Documents released by the Red Hill Expressway inquiry provide an interesting perspective on how the bureaucracy at Hamilton City Hall and the councillors interreact–which is to say, not much at all. A 300-page document that contains hundreds of internal emails among city staff and various consultants contains very few direct contacts with members of council. Three or four councillors who had received complaints from constituents about safety on the RHCE sent notes to staff and received replies, but the document shows Council doesn’t really enter the picture until just before staff get ready to tell council about the 2013 friction test that had been buried.
Even the city’s internal audit staff expressed frustration that they were getting stonewalled on a value for money audit they wanted to conduct on the RHCE, apparently not knowing that some of their enquires were touching on the sensitive friction issue. In a series of back-and-forth emails on how best to respond to the auditor, one manager wrote, “my main concern is that the auditor was on this floor and talking with staff about our programs without my office having any knowledge of this inquiry…when anyone approaches staff regarding compliance, risk, regulatory or audit functions…staff…must escalate the inquiry to the manager level at a minimum.”
And indeed there was lots of sensitive stuff going on. Gord McGuire had just become Director of Engineering Services in June of 2018, taking over from Gary Moore, and he was discovering some information regarding the Highways that were concerning. Going through departmental files, on September 26th 2018 he came across the Tradewinds 2013 friction report attached to an email he was reading. Internal correspondence indicates that even without that report, a decision had already been made to re-pave the highway. At the same time the Hamilton Spectator was beginning to ask questions about testing of the pavement, Specifically they wanted to know what type of asphalt was going to be used in re-paving the road, suggesting the reporter had some very specific knowledge.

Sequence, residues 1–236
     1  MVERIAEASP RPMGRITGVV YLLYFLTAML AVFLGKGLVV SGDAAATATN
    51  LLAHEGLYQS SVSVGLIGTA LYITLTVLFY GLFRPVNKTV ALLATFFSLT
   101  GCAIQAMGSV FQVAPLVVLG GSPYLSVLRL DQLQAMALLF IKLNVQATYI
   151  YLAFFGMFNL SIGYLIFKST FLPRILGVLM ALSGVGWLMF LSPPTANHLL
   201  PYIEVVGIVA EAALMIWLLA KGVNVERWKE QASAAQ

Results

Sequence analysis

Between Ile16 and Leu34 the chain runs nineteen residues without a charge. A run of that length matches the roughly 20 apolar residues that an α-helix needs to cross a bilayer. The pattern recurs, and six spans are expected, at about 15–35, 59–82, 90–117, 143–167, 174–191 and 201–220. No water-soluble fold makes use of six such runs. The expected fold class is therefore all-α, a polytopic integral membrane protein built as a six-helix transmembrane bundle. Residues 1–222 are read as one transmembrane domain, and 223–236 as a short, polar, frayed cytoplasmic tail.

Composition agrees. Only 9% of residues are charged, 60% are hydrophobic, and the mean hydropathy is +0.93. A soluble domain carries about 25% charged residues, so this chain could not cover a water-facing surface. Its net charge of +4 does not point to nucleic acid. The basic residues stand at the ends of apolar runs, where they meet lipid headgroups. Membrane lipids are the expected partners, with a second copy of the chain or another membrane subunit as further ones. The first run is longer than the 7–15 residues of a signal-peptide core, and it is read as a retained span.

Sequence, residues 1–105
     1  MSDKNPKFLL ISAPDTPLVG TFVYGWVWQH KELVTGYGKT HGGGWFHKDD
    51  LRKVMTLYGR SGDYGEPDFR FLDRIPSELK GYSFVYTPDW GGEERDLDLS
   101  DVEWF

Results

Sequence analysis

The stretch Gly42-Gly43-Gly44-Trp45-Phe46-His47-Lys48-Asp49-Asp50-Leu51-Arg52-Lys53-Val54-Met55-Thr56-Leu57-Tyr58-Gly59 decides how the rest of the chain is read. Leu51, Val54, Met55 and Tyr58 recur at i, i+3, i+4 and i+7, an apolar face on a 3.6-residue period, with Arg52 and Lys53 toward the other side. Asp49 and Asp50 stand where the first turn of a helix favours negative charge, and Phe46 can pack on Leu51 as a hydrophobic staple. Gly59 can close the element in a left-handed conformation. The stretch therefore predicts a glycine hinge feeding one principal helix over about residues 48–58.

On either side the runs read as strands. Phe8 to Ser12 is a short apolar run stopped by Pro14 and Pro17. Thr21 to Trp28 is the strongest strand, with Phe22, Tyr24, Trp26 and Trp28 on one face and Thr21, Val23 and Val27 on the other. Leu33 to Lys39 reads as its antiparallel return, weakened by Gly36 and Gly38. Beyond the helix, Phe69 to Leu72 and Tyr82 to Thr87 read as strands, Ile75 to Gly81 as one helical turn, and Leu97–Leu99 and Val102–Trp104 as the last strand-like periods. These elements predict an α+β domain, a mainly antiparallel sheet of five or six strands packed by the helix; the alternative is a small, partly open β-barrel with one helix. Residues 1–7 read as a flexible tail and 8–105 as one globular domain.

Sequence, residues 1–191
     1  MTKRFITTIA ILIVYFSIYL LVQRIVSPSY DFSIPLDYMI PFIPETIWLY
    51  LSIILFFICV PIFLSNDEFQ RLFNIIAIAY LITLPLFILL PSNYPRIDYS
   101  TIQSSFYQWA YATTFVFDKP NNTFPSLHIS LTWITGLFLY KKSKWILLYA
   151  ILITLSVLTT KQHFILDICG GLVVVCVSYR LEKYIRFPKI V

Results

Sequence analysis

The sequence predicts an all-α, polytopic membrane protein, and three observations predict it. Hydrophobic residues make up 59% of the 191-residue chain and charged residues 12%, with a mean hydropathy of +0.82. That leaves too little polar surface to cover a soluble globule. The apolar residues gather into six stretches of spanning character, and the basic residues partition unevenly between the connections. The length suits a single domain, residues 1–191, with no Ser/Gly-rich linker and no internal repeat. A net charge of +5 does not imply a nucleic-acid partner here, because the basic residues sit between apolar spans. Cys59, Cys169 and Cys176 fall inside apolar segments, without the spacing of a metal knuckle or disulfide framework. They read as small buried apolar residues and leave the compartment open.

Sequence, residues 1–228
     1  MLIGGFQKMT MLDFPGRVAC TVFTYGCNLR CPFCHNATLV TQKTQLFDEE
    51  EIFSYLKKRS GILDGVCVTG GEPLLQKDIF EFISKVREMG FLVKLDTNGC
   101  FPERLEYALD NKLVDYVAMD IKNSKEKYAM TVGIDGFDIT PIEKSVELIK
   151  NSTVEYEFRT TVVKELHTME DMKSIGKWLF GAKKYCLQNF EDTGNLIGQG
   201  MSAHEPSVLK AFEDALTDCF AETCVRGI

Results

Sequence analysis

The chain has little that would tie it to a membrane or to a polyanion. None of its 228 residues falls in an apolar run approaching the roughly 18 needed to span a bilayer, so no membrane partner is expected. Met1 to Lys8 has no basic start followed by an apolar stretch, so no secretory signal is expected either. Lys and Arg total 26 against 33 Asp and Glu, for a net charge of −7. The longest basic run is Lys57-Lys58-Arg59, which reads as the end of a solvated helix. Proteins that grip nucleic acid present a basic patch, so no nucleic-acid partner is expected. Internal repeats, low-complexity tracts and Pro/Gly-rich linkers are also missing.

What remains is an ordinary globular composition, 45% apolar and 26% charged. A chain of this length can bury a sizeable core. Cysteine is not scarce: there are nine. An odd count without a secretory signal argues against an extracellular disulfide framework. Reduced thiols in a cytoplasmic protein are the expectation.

Mc Guire also wanted to revisit the issue of lighting the Red Hill. There had been an understanding in the past that the limited lighting that was originally installed was to comply with an environmental assessment concern about light pollution. McGuire, however, told staff he had studied the EA and found there was no prohibition of lighting the highway, and that the RHCE was something of an outlier when it was compared to similar roads in Ontario around the lighting issue; although it was acknowledged that to go back and install lights now would require an expensive EA.
Matters were further complicated when a Freedom of Information request was filed that was looking for the Golder reports (which would include the Tradewind friction report). That triggered a top-level meeting involving Risk Management and legal staff at which it was decided to try to buy some time.
Meanwhile McGuire and his boss Dan McKinnon had a meeting with Moore who was now seconded to the LRT project. He compared the meeting to the movie An Officer and a Gentlemen where Jack Nicholson delivers the famous “you can’t handle the truth” soliloquy. According to McGuire Moore said there was no set standard for friction testing. In the same conversation McGuire wondered how $15 Million found its way into the city budget for resurfacing the road saying. “that’s a pretty big chunk of change to go to the Council and get approval, is it not? Like how did somebody just get 15 million without a report to committee or council?”
Later in the conversation it was agreed that the FOI would have to be complied with and it was time to tell Council what was going on.
The hearings that have been underway since last week have laid the factual groundwork for the issue with a great deal of technical testimony about asphalt and testing.